The majority of people who read this blog do so via email, and in that format it's a little awkward to direct the primary attention of an article to a video. But if you have a few spare minutes on this warm summer Sunday, I highly recommend you click the player to watch the video I've embedded above. It's a 21-minute film entitled 1999 A.D., produced in 1967 by Philco-Ford Corporation--better known as Philco, a leading manufacturer of stereos and TVs through much of the 20th century. This film was evidently created to commemorate Philco's 75th anniversary. It purports to depict what the Philco-Ford Corporation seems to think middle-class family life will be like in the year 1999, then thirty-two years in the future--or what they wanted people in 1967 to think it would be like. Far from being simply a bit of kitsch laughable for how far-off its predictions of the future (now past) are, 1999 A.D. is a fascinating and somewhat disturbing glimpse into the mindset of the past, and an underscoring of how blinkered ignorance of the present can color our conceptions of what the future might hold.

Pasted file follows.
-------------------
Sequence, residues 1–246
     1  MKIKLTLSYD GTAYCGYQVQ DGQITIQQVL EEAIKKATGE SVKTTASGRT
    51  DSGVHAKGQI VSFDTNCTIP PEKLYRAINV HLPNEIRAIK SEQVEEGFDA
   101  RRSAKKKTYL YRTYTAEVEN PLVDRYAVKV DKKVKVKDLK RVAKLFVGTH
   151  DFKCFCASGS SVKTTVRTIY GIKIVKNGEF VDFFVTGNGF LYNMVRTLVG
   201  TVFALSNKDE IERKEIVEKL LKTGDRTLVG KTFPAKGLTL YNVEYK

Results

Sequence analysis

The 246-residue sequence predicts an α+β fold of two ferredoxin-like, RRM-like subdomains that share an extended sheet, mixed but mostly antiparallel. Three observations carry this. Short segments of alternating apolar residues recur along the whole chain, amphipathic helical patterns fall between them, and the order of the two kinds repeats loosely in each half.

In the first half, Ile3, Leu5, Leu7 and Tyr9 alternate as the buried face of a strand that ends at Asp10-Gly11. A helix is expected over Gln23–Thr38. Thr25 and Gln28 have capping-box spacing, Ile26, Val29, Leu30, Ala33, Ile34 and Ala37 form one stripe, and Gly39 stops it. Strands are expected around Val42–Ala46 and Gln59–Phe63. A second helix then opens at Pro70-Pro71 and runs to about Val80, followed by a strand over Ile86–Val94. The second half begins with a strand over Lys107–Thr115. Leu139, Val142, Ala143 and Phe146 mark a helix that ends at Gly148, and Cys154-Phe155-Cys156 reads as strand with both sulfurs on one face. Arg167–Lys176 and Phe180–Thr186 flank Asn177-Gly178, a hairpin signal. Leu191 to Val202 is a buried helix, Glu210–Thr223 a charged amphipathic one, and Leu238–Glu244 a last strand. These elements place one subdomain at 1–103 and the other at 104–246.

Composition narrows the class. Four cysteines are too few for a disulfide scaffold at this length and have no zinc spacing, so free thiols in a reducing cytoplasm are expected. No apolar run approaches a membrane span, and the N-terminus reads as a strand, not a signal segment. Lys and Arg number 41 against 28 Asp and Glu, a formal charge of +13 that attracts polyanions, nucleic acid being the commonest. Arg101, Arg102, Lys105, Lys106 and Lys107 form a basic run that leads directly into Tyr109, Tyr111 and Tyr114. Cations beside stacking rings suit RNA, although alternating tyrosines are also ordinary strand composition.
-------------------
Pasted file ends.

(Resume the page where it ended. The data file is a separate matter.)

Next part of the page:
If you look carefully at 1999 A.D., you'll see a whole lot of assumptions that Philco had, or wanted viewers to have, about the future. The one that stands out above all else is the depiction of gender. The short film's most sympathetic character is Karen, who to modern eyes inhabits an ossified and brutally rigid pigeonhole of American gender roles: of course she's a stay-at-home mom, what in the 1960s would have been termed a "housewife" or slightly more palatable euphemism, "homemaker." The movie spends a lot of time showing us exactly how content Karen is and how much leisure time she has, primping flowers on her kitchen table and fawning over her obnoxiously milquetoast (and suspiciously well-behaved) 8-year-old son. As you might expect from a 1960s vision of the future, the movie drools with barely-concealed anticipation over all the electronic "labor-saving" devices that render Karen superfluous, and which one assumes Philco-Ford will manufacture. She doesn't have to cook; a machine that Star Trek would eventually label a "replicator" fixes the family's meals for them, though she carefully monitors their calories. She doesn't wash dishes; the film says the dishes are disposable. She doesn't wash clothes; in 1999 evidently all our clothes were supposed hang in automatic laundry closets. And the film is very careful to state that she used to be a teacher of fine arts, but now prefers to stay home. What message is this sending about the empowerment of women?